Tuesday, July 23, 2013

I am a writer - for I have been rejected.

"Thank you for your query. Unfortunately, your manuscript doesn't sound like something that’s right for us. We wish you the best of success in placing your work elsewhere."


 The above is the reply to the query I sent six days ago. Maybe later I'll feel disappointed, but for today I'm thrilled! Being rejected by a potential agent is the writer's calling card, and I just got mine, thank you very much.
This email means other things, too. It means I followed this agent's submission guidelines closely enough to deserve a minute of someone's time and an actual reply. It means I can go on to the next potential agent. Oh, and it means I have a manuscript.
That last one may seem obvious, but writers sometimes forget how far they've come. Getting my first rejection is a pretty high rung on my ladder to publishing success - above writing a  novel, rewriting a novel, editing a novel, and repeating the process with a query letter, which is much harder. So for today I'm celebrating the view from this lofty height.
And tomorrow? I guess it's already time to query a few more agents. Wish me luck!
(Photo courtesy of Natalie Sharpston)

Wednesday, July 17, 2013

Climb Every Mountain


"My most memorable experience as a college-age summer camp counselor (by far) was climbing Mount Elbert. The highest mountain in Colorado, it is an impressive 14,433 feet above sea level. Our leader, an adventure-loving trailblazer of a man, lived to hike mountains and this was not his first time up Elbert. We were in good hands. It took hours to walk through the forest at the mountain's base, but finally we passed the tree line and our hiking took on a more vertical slant. We had to be careful not to start a landslide as we climbed over loose, shale-like rock at a 45-degree angle, but we made it to the snow and up to the summit. Elbert is relatively easy to climb compared to many fourteeners, but the view from the top can't be beat. The only thing comparable is looking out of an airplane. Clouds floated by below us as we studied huge mountains at our feet. It was absolutely astounding to be on top of the world, but scary, too. Gravity seemed a little less strong up there, as if we needed to hang on to the boulders around us or we might just fall up into that deep blue sky.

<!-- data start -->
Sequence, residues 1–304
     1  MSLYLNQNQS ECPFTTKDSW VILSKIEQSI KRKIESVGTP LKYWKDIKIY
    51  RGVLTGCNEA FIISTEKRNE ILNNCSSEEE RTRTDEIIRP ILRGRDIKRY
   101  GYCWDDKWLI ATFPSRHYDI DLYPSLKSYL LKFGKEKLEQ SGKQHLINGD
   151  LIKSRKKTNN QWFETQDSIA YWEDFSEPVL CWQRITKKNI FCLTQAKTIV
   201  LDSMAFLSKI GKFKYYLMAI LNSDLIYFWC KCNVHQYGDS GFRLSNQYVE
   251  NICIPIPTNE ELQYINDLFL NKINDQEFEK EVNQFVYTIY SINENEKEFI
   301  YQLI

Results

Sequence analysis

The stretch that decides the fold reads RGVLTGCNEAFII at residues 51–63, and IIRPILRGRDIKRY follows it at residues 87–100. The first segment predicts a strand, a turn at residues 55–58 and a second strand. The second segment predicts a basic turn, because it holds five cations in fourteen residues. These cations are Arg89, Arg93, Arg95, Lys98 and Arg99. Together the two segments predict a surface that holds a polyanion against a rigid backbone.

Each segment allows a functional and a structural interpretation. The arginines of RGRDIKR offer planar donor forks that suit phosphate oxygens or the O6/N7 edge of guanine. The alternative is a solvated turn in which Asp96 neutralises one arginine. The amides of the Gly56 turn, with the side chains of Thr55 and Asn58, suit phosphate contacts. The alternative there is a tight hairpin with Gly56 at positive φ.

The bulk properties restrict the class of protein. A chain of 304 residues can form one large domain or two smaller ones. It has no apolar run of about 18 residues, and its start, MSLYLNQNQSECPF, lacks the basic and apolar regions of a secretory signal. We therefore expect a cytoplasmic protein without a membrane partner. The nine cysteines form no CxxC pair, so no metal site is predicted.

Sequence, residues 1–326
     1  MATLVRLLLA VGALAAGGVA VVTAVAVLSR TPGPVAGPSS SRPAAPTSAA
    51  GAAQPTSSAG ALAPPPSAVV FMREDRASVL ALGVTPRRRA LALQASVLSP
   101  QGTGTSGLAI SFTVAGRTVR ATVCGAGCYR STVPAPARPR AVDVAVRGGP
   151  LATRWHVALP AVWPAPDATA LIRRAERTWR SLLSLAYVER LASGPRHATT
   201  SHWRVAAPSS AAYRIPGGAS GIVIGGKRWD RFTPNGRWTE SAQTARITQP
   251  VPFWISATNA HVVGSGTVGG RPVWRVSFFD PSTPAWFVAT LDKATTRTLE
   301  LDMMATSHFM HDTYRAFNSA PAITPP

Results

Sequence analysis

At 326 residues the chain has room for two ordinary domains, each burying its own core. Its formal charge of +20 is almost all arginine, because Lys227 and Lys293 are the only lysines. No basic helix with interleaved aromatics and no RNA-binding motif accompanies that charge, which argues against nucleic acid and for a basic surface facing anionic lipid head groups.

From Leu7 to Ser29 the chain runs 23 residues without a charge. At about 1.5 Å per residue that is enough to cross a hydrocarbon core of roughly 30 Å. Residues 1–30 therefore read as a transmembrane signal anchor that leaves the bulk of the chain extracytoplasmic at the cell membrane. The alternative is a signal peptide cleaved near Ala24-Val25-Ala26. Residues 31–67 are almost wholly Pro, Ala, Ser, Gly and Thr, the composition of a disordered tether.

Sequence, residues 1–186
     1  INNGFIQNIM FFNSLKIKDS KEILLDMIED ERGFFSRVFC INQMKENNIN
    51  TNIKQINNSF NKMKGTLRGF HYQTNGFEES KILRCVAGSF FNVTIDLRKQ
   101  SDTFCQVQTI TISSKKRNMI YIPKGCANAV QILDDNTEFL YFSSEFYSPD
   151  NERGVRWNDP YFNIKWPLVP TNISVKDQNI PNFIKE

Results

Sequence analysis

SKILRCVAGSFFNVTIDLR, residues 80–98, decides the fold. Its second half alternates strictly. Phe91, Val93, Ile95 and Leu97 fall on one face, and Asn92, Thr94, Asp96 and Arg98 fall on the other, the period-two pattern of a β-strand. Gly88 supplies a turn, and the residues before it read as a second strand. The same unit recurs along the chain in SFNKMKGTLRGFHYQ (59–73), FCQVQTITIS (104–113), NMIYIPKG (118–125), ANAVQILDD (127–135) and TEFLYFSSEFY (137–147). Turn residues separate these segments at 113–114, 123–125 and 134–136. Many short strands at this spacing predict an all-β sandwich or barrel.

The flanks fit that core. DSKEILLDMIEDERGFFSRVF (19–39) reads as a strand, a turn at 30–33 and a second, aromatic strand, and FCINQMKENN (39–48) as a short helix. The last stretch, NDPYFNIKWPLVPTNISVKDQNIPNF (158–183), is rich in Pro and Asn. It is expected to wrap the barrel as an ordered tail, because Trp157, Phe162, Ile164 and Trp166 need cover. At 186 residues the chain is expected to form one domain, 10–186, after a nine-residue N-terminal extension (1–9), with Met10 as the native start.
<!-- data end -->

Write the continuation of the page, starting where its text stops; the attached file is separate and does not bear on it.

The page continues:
My trip up Mt. Elbert was a life event that can't be understated, but all I did was show up. I walked hour after hour, followed directions, trusted I was safe, and never gave up until I was on the summit, a small patch of land no bigger than a porch deck. I'm doing the exact same thing with Nanowrimo - writing 1,667 words each day come hell or high water - and I'm beginning to believe this month will have the same impact."
I wrote this on November 17, 2008 for my memoir "One Hundred Times" and am posting it today because on this day, July 17, 2013, I've reached another summit of sorts. "Pity," my YA novel, (which was written during Nanowrimo) is ready, and my first query went to an agent. Barry Goldblatt, I hope you like it!
NOTE: For more information about Mt. Elbert go to: http://www.summitpost.org/mount-elbert/150325

Monday, July 1, 2013

Why is my blog called A Writer's Cup?

Because of the mug in this picture.  I picked it up at a Beall's Outlet four years ago, on sale no doubt.  It's nothing special, really.  Designed by Becca Barton, made in China, painted a garish red with a fat snowman, a skinny Christmas tree, and snowflakes -- or are they stars?
But here's the deal; I love this cup.  I didn't always, but over time it became my writing companion because of its perfect size, its friendly snowman, its sturdy handle.  Now I love it so much I use it year-round, I'm scared my husband will break it, and I've searched the internet looking for a replacement just in case (still no luck). 
While this cup sits around being dangerously perfect, it reminds me of the Buddhist teaching to "see it broken."  Achaan Chah Subhaddo tells of a favorite glass he knows will one day break, so he does his best to enjoy it now.  And that's what my writer's cup reminds me to do, enjoy it all now.  What is your writer's cup?
 
Thanks to Fiona Robyn's blog, which includes Achaan Chah Subhaddo's quote (via Mark Epstein).